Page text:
28 The retention of records is an important element of a good risk management system. Records document the fact that risks have been identified and remedies considered. Management may be reluctant to release such records for sensitivity reasons and because they would highlight weaknesses detrimental to the effective management of the organisation. Departments should ensure that they achieve a consistent approach to FOI requests relating to risk management records and should have regard to any guidance in this area issued by the FOI Central Policy Unit, Department of Finance.

29 APPENDICES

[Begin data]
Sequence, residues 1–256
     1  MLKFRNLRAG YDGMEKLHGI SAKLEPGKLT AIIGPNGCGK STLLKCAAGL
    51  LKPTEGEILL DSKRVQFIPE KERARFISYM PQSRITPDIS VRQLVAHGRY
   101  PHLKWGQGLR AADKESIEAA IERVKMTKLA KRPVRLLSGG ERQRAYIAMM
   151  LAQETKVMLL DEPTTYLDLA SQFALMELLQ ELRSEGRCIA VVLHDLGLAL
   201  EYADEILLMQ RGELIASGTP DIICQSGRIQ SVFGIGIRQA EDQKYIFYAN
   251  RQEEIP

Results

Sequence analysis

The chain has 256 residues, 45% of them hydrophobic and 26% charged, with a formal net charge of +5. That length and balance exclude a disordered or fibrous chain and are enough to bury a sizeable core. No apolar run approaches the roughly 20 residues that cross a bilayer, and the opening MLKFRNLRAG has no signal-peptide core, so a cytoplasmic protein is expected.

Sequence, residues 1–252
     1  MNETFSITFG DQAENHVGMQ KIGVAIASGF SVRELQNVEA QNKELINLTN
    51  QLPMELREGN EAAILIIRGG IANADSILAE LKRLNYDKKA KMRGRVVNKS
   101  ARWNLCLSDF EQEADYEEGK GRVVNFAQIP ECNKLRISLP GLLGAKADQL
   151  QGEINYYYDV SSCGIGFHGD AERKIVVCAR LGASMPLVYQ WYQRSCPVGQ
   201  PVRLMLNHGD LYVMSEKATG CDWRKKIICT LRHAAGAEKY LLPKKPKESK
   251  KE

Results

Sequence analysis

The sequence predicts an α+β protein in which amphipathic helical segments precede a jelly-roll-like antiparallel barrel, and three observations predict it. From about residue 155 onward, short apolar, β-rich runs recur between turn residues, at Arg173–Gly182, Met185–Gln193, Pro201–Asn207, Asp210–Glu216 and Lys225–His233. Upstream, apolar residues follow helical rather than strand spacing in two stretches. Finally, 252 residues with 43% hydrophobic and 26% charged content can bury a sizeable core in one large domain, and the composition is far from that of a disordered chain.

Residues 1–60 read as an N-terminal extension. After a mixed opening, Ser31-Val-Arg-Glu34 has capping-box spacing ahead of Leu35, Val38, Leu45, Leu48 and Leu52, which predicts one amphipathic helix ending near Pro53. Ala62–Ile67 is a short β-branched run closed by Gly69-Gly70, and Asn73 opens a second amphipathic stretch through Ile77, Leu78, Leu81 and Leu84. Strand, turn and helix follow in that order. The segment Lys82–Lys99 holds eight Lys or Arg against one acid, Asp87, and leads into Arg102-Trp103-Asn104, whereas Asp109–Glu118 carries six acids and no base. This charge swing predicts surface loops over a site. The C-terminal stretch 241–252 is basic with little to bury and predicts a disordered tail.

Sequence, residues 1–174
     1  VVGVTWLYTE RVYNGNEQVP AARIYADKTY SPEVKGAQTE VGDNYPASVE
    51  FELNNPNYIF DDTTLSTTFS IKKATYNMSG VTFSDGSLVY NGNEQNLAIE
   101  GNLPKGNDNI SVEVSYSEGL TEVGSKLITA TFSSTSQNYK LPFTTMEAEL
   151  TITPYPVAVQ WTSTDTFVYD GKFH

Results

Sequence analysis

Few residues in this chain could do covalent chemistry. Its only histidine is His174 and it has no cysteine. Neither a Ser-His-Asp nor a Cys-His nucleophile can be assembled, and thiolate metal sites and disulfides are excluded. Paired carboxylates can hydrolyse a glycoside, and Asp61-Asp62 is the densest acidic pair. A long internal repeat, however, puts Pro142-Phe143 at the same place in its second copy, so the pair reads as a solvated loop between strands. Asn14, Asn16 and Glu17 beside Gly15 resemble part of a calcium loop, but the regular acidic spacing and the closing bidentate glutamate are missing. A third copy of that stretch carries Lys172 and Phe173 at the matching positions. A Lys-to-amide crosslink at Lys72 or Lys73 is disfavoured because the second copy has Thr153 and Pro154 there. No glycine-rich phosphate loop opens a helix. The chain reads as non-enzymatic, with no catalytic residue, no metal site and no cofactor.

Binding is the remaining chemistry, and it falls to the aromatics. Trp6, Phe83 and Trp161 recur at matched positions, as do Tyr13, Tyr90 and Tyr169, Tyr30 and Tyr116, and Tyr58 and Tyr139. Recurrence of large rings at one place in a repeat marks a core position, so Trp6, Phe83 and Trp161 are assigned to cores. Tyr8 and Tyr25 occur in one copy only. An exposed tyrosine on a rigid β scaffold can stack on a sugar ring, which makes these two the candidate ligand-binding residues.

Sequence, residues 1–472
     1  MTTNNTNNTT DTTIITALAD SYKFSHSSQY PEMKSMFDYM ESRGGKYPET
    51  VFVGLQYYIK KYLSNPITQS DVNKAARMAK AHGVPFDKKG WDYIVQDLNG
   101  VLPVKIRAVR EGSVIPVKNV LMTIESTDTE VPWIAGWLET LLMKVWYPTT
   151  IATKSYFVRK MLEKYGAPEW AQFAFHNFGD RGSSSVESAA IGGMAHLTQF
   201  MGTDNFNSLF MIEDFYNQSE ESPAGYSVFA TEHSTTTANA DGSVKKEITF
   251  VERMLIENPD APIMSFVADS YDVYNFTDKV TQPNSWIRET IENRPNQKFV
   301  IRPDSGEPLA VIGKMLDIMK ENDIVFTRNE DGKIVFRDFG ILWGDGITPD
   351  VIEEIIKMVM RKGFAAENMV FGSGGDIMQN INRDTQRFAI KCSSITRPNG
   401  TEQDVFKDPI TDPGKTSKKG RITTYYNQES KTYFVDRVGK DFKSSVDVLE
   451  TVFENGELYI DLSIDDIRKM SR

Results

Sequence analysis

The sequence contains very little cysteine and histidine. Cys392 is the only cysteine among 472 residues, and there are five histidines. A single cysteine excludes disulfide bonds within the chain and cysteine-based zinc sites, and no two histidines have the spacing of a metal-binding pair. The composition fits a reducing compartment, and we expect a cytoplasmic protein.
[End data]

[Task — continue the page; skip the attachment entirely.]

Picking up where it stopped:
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31 APPENDIX 1 EXTRACTS FROM THE MULLARKEY REPORT RELEVANT TO RISK MANAGEMENT From the Executive Summary to the Report 46. Historically, Government Departments have had procedures in place to manage financial risks particularly in so far as they relate to the stewardship of public funds. Systematic risk management across a range of risks (strategic, operational, financial and reputational) is becoming recognised as an increasingly important part of the internal control framework as the identification and management of risk is seen as necessary to maximize the achievement of desired outcomes. [ ] 47. The Group considers that risk assessment and management are important elements in a robust system of internal control which should be integrated into the management processes of Departments. It recommends that the following approach be adopted in introducing a formalised risk management system: Central guidance on the development of a risk strategy, appropriate to Government Departments, should be prepared by the Department of Finance. This should address the principal elements of the risk identification and management process. Within Departments the risk management system should concentrate on the principal risks to the organisation as well as the principal risks arising from its relationship with other organisations. The risk assessment and management process should be integrated into existing management systems and should be kept as simple and straightforward as possible. In introducing a risk management programme full use should be made of existing systems, processes and procedures. For example, Audit Committees could advise on Departmental risk management strategies. Risk assessment should also be formalised into the processes for the preparation of the Strategy Statement, business plans, PMDS and annual reports. Risk management should feature on the agenda of divisional meetings and of the meetings of the Management Advisory Committee. [6.32] From Chapter 6 of the Report Risk Management 6.29 Systematic risk assessment and management is becoming an increasingly important part of internal control as its identification and management is seen as necessary to maximise the likelihood of achieving desired outcomes. As part of this process formalised risk management is becoming an increasingly important element of the internal control framework in Central Government in the UK and internationally. 2 The Canadians, for example, are placing greater 2 Adapting the requirements of the Turnbull Report UK Departments, executive agencies, executive Non-Departmental Public Bodies, are required to sign a statement on Internal Control (which has a